Improving Communication In Relationships

Communication in relationships is one of those key requirements which is understood to be crucial to a good relationship, but hard to define and consequently, quite hard to either alter or master.

Common issues in relationships and how Cognitive Behavioural Therapy can be helpful

  • Communication styles: communication within relationships can be particularly problematic within our closest relationships – it can be much easier to communicate clearly and successfully with people who are more distant.

  • For many people it’s much easier to communicate clearly with work colleagues or with friends than it is with partners or family members. This may be because it is harder to say what we mean, what we want or don’t want, to people who matter to us the most. There is also the possibility that we assume that we know what people close to us are going to say, or going to think, rather than listening to what they do say (‘mind-reading’ is a common - and not very useful - unhelpful thinking pattern in relationships ).

  • Compromise and negotiation: these skills are pre-requisites for all of us in all our relationships . Surprisingly, though, many of us are not very good at negotiating, or even very good at knowing when we need to negotiate. Given that we will have different needs, expectations and patterns of behaviour to our partners, or family, negotiation is the only way to be able to bridge these gaps. When there is a difference of expectation or opinion, accepting that compromise is necessary and knowing how to arrive at a compromise is often the only way forward. Compromises will not give either party all of what they want, but a good compromise will arrive at an agreement or a resolution that both can live with.?
  • Difference: the ways in which we differ from our partners or our family may be what causes most frustration in those relationships. We often assume that the beliefs we have about what is acceptable or unacceptable, or the way that relationships ‘are supposed to be’ are in some way universal. In other words, that the way that we think things should be, is the way that everyone thinks they should be. This is another unhelpful thinking style, and even a fallacy, but it is a fallacy that can be hard to relinquish. If we can accept the differences and acknowledge that the way that we do things or think about things, is not the only way, or even the best way, differences are much less problematic.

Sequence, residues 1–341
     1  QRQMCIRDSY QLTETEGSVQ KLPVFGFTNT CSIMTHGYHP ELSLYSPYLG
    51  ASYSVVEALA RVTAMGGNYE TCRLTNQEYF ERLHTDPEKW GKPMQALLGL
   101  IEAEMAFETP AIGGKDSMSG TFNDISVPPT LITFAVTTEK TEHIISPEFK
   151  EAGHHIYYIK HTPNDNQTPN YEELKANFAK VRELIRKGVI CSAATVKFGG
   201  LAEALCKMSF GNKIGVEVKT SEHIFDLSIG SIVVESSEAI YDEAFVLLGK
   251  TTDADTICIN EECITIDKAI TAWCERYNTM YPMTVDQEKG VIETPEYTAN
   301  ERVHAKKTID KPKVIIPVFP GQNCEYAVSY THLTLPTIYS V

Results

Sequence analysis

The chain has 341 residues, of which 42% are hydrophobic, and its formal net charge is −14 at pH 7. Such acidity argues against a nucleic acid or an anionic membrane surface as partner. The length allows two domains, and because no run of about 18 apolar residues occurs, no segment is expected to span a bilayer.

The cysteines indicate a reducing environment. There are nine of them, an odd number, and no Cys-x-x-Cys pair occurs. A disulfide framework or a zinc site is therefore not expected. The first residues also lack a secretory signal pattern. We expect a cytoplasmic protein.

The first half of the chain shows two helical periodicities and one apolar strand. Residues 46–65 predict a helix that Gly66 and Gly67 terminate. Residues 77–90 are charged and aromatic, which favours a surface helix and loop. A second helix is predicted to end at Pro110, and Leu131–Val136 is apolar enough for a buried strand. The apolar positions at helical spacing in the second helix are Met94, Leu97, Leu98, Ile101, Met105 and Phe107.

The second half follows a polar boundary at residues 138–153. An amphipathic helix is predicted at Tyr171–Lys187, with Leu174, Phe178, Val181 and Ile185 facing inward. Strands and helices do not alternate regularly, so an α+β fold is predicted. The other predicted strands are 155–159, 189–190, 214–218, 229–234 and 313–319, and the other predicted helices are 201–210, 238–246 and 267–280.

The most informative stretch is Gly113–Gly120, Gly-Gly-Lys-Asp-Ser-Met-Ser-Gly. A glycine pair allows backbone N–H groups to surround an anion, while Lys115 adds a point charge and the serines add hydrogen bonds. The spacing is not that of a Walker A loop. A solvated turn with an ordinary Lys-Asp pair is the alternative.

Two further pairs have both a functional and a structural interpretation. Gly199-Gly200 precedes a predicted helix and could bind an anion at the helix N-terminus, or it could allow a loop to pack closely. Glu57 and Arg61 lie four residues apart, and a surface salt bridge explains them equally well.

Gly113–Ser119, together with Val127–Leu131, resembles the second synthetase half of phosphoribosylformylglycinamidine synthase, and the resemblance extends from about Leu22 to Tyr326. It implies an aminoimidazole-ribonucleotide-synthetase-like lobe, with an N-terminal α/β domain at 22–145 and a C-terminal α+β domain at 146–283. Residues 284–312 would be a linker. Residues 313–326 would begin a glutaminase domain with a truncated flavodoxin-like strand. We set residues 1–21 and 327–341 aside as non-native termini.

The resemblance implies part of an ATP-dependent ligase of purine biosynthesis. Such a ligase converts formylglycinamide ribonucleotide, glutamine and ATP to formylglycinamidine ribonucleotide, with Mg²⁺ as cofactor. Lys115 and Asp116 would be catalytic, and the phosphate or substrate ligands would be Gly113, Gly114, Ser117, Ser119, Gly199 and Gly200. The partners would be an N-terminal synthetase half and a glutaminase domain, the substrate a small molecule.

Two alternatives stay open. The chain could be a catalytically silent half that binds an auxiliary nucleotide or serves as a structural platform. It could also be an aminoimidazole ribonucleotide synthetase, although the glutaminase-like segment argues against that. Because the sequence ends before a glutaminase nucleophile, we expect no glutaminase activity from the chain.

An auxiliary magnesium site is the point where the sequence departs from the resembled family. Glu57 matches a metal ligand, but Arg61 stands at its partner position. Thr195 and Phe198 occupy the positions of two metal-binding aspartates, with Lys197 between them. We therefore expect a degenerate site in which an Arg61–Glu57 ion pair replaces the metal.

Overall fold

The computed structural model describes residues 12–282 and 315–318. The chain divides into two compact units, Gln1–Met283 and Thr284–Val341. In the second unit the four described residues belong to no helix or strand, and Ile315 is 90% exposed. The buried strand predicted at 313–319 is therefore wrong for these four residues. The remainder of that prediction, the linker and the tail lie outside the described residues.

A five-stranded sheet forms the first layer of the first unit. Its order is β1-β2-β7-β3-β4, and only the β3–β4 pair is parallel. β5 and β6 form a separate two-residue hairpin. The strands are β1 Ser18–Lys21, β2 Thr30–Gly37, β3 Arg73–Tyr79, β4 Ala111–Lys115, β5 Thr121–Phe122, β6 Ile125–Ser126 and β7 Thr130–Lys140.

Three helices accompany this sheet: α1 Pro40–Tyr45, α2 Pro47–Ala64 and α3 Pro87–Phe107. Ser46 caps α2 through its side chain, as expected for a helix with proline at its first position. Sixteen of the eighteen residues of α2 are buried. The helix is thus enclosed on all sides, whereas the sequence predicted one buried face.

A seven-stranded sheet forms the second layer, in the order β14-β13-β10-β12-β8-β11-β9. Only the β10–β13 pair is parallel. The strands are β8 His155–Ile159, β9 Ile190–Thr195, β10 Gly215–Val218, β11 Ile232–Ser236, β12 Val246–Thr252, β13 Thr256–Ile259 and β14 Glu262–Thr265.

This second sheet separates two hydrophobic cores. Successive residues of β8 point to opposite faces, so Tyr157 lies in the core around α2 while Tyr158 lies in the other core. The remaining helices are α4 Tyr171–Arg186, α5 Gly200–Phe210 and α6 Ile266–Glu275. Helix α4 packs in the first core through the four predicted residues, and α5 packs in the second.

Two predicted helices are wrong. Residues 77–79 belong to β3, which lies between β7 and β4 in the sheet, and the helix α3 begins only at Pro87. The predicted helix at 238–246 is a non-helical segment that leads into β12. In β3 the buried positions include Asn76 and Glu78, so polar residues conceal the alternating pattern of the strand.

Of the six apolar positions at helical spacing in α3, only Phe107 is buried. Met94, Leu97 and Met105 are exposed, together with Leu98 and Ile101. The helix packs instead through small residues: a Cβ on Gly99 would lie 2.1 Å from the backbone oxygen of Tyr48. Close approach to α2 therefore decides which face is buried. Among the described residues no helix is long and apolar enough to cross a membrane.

• Distance and closeness: it is unusual for people to feel comfortable all the time with the same amount of emotional – or physical – distance or closeness as their partners. There may be times when you want to be close, or to be distant, which is the exact opposite of what your partner wants or expects at that time. For instance, when they’re upset, some people really want their partner to be close – both emotionally and physically – while others want some distance at that time. This difference – because that’s all it is, a difference – can lead to both people feeling upset or misunderstood, rejected or swamped.

  • Doing things together and separately: this is just one example of how differing expectations can cause real problems in close relationships. People may have very different beliefs about how much family members or partners should do things together, or how much time they should be able to spend apart, doing things separately. This sounds like a relatively uncontentious issue, but in practice, it can be a very difficult area in lots of relationships . The difficulty arises if the question of spending time together or apart is seen as a measure of intimacy, commitment or loyalty to the relationship, rather than as a different preference or belief.

  • Expressing anger, or being angry: anger, or how we express anger, is an area that many of us learn about in our families of origin. This early experience of anger – our own, or our parents – can be immensely influential in determining our beliefs about anger in later relationships. If our experience of anger was linked to very adverse consequences, i.e. that if people were angry or raised their voices, that violence would result, it can be very difficult to feel comfortable or safe with raised voices, door slamming, or other manifestations of anger. For people who were brought up in families where parents could have rows or disagreements – at the top of their voices, perhaps – where there were few adverse consequences (no violence, no long-term sulking, no threats of separation or leaving), it can be difficult to understand why raising your voice in a disagreement is experienced as threatening or unsafe.

CBT focuses on reviewing and reworking unhelpful thinking styles and behavioural habits. For this reason it is one of the most useful ways of disentangling unsuccessful communicational strategies and therefore, of altering and improving communication styles.This can require addressing some of the 'beliefs' you hold about relationships, you in relationship, what makes us vulnerable and how we can be understood by people who matter to us.

We can know in the abstract what we need to change, but in the context of close relationships , it can feel problematic to make those changes. A skilled cognitive behavioural therapist can help us to make the transition from insight, into action, and help to change rigid beliefs. Once we have developed more flexible beliefs, we are then more able to think and behave more affectively, and live more happily in our relationships.


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